The Threshingfloor

Rating: 4.0/5.0

Label: Sounds Familyre

Resurrect Jim Morrison, inject him with multi-instrumental prowess and teach him 21st century production methods and you might hear results similar to David Eugene Edwards’ Wovenhand. Chances are if you’ve heard even a fraction of a Wovenhand tune, you know what I’m talking about. The enigmatic mountain man and his resonating baritone voice return for another bout of what you’d come to expect from him: the fantastically intense, the intensely eerie, the eerily…religious? As with his previous works, Edwards spares nary a lyrical theme on anything but the Lord, his teachings and his spirituality. Quite the juxtaposition against Wovenhand’s progressive shade of folk – an unmistakable acoustic brand of industrial metal. No wonder Tool recruited them for their latest tour.

To preface with a sample lyric: “It is his spirit/ It is his fruit/ Lord Jesus/ Come bestow belief/ The beauty of the finished work/ You regard him not risen/ On the ancient horizon.” The Threshingfloor repeats with similar poetic sentimentality, immediately mirroring the Lizard King’s own mythological pride during the late ’60s. Edwards’ droning, earth-shivering music complements his religious hubris in a most unique way. Throw out every preconceived notion you have about Christian rock; Edwards does Jesus his way. Like the Roman Church, the influences of Edwards’ music span the world over. It’s easy to single out the various subtleties of tribal Native American rhythm sections, medieval guitar chords, holy Eastern chanting and Western banjo licks – all in a shell of acoustic grunge that sounds like it was recorded in a Tibetan monastery. Sound overwhelming? At times it is, but Edwards executes such anxious music without inflicting or displacing anxiety onto his listeners.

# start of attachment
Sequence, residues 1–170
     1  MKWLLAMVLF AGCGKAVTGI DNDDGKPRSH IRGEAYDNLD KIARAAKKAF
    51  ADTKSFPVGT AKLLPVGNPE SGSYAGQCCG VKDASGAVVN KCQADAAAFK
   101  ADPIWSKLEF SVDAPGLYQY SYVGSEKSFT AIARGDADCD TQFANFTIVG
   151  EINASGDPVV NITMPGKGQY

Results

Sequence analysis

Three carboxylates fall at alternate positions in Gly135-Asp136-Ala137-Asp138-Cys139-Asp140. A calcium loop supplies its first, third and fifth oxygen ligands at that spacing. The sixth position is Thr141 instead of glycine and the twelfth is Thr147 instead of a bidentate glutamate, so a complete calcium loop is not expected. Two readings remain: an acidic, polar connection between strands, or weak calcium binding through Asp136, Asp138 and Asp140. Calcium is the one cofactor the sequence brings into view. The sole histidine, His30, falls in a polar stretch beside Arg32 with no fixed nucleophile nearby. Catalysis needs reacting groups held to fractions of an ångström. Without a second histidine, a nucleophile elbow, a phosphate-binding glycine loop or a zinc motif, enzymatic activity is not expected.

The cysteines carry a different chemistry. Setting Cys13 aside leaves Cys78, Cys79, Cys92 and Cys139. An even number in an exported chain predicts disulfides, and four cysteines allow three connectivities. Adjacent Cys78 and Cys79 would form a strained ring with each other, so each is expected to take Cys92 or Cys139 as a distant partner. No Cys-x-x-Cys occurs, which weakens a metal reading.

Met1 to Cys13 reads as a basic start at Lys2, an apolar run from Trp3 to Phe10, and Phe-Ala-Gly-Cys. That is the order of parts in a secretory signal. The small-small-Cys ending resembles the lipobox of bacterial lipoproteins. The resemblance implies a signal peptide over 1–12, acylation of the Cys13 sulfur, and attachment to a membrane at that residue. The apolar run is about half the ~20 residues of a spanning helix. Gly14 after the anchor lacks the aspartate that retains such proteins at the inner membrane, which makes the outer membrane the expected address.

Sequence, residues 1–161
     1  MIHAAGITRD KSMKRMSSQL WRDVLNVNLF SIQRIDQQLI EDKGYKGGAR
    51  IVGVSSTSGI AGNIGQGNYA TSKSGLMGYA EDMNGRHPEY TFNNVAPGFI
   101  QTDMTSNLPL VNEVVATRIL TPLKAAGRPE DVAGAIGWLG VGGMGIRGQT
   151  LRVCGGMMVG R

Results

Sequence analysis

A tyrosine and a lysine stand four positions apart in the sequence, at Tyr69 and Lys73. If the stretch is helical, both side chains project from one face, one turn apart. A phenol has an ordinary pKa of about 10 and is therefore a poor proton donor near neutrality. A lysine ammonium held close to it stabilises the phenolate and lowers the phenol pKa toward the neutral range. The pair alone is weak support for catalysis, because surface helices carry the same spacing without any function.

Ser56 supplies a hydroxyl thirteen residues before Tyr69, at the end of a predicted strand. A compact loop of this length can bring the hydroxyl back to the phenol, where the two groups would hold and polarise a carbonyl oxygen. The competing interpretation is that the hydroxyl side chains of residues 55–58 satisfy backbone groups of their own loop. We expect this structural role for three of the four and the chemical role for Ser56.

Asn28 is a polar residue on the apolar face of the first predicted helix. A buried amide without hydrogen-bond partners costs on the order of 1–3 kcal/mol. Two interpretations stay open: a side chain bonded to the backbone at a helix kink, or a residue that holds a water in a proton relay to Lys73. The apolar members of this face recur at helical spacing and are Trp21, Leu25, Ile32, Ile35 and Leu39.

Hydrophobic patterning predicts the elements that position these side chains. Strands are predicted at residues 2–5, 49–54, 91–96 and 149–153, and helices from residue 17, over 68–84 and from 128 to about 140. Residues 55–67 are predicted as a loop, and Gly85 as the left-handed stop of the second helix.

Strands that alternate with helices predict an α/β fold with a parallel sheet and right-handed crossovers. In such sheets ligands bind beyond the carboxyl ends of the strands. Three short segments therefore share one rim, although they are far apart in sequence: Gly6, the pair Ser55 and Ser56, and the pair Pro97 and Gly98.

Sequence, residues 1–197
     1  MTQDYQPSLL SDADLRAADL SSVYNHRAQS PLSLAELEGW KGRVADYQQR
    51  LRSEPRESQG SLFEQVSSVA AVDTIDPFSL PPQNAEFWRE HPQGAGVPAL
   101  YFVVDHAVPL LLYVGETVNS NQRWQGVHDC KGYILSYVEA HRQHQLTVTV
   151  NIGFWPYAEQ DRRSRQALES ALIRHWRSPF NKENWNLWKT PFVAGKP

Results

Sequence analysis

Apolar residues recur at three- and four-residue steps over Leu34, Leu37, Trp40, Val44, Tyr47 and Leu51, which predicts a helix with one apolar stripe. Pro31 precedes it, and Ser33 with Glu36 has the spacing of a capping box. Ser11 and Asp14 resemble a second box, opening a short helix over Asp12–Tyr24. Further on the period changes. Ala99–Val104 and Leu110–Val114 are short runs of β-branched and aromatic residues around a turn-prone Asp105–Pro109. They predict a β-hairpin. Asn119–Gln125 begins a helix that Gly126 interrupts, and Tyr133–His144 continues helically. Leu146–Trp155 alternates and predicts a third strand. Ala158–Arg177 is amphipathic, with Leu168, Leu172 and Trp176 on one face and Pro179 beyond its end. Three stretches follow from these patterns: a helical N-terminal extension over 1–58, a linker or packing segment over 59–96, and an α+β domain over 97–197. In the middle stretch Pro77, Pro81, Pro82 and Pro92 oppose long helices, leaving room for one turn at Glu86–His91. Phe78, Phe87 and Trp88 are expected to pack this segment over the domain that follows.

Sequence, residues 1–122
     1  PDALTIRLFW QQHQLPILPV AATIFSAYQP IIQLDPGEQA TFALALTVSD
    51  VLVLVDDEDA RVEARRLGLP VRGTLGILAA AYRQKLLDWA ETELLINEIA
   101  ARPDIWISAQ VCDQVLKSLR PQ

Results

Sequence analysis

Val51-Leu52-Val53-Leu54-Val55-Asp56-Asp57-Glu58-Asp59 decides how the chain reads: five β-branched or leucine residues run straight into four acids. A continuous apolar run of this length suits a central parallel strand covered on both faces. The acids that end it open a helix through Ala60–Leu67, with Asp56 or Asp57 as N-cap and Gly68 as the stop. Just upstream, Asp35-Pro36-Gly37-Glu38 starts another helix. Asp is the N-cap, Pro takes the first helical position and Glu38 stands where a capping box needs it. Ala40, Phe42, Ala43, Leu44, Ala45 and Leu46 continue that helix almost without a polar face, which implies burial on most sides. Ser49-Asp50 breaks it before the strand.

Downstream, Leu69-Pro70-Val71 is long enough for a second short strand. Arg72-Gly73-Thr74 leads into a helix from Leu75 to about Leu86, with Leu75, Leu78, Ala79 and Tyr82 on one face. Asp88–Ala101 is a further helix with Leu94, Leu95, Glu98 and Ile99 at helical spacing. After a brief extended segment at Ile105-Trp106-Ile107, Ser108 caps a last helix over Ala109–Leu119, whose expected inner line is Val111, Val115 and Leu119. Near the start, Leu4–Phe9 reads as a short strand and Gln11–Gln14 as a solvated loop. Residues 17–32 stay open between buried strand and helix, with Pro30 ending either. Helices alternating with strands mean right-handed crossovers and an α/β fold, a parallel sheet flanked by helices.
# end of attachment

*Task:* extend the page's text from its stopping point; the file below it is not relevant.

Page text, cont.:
“Sinking Hands” begins the superficially apocalyptic album on a dark note. The song sounds like a humble companion piece to Soundgarden’s Superunknown. The title track – another album cornerstone – breaks in next with a vigorous drumbeat and monotonous Eastern melody, almost taking cues from the likes of bands like Monster Magnet and Days of the New. The album continues in this template, simultaneously evoking timbres of ecstasy and dread. “His Rest” and “Behind Your Breath” could be considered highlights, but aren’t too above any of The Threshingfloor’s other entries. Ironically, Edwards ends things traditionally on the album’s one bluesy track, “Denver City,” which patters along in such a stark contrast of upbeat rock ‘n’ roll.

As usual, Edwards takes everything that’s pretentious about progressive rock and Christian rock and uses it to his advantage. The mood, the melody and the passion are all present, unfiltered. The Threshingfloor is less a progression of Edwards’ craft than it is a continuation of what he does best. As long as the music is this captivating, that’s entirely fine with us.

by Jory Spadea
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